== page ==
“The criteria to qualify for the subsidy were clear, and Yellow Pages followed and met those criteria,” the company said in an email to CBC News. “With the assistance of the subsidy, Yellow Pages did not reduce employee wages, impose mass layoffs, or furlough its employees.”

Money in, money out
The CRA would not say which companies were the subject of complaints or provide any further details about the nature of the complaints. At a total cost of more than $74 billion, CEWS has now become the government’s most expensive COVID-19 relief program, surpassing the Canada emergency response benefit (CERB).

The program was launched in April 2020 to help Canadian companies keep staff on their payroll as strict COVID-19 restrictions were imposed. The basics were simple: the government would pay up to 75% of employees’ wages in order to encourage companies to avoid layoffs and rehire workers. To qualify, companies simply had to show a drop in revenue during the pandemic, either annually or over particular periods.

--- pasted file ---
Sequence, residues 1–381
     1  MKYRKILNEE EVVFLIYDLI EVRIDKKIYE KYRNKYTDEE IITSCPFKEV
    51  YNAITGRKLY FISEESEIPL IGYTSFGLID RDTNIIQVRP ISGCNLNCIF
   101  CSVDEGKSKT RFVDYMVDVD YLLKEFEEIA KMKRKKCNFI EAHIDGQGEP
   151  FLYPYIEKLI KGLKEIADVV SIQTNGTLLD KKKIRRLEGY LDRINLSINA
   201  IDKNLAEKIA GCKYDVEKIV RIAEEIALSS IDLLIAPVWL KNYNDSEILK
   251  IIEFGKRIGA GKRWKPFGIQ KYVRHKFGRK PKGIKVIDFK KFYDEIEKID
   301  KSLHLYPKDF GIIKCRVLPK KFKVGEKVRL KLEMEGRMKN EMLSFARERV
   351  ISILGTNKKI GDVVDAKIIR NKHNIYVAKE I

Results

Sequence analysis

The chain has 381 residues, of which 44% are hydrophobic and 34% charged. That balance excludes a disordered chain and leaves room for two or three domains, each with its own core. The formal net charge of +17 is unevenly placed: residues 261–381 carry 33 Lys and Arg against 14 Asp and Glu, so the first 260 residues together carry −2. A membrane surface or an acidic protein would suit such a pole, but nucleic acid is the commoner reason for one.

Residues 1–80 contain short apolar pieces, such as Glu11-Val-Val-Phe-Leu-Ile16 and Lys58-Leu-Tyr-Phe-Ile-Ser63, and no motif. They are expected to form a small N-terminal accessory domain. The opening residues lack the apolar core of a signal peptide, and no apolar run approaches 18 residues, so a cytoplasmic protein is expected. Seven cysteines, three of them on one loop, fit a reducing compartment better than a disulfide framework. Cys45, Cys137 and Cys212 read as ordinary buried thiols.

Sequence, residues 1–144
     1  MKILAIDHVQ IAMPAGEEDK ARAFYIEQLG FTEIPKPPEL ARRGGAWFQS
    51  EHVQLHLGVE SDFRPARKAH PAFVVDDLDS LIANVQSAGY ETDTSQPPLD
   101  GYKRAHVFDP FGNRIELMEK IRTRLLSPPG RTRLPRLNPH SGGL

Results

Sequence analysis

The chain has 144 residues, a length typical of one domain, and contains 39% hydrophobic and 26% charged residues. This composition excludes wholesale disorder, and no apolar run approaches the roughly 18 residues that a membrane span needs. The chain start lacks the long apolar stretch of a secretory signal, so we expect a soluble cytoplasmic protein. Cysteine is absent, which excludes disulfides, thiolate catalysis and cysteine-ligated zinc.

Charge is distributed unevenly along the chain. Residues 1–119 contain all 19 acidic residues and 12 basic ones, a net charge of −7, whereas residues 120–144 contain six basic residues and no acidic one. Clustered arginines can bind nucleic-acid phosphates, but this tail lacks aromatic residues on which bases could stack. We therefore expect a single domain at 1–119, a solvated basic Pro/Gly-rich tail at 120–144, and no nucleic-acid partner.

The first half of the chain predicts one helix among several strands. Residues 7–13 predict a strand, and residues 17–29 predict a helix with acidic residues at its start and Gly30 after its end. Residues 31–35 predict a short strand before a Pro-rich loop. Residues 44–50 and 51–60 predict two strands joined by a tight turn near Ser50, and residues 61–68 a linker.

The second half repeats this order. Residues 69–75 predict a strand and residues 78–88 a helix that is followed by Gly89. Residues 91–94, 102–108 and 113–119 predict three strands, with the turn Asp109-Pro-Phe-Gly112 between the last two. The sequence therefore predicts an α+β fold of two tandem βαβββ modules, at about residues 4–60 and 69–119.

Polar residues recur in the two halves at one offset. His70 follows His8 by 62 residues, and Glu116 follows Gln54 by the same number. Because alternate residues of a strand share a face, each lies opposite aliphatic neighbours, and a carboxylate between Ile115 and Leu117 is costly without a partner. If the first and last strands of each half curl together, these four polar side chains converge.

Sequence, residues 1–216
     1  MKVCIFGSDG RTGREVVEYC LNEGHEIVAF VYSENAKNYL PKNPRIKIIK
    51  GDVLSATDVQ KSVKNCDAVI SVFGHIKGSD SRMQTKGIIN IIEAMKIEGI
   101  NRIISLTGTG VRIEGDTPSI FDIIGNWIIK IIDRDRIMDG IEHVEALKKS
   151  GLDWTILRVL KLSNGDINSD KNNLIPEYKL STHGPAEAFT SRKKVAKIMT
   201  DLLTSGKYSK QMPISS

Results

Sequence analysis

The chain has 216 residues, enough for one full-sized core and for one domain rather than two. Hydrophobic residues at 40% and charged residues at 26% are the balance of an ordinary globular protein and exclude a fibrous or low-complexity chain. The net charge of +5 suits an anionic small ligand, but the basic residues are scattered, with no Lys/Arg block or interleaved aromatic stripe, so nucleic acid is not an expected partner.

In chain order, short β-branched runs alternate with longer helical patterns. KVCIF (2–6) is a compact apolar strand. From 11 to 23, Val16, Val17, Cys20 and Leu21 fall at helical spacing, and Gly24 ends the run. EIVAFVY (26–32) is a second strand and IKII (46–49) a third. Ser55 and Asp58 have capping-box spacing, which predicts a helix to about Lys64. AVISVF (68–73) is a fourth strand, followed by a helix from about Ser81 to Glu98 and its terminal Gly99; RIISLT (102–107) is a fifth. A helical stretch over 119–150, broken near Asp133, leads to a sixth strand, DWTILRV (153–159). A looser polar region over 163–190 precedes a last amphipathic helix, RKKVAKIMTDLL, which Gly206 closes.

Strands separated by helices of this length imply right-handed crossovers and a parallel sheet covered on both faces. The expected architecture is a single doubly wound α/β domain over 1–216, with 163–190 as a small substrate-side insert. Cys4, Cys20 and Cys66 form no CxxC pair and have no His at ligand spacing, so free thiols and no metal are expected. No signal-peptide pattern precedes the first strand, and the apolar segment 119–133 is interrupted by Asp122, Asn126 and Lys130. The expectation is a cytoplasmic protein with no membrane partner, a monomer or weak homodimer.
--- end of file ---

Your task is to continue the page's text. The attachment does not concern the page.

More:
‘Improving free cash flow’
CBC News has found six examples of large, publicly listed corporations that qualified for and received CEWS and either initiated or increased payments to investors in the form of dividends.

“The average person will see that there was unjust enrichment as a result of a government program, and that money went to shareholders and went to executives,” said Leblanc. He argues corporations should have been required to restrict dividend increases, share buybacks and hikes to executive compensation as a condition for receiving CEWS. “It could have been so easy to restrict that at the beginning,” he said.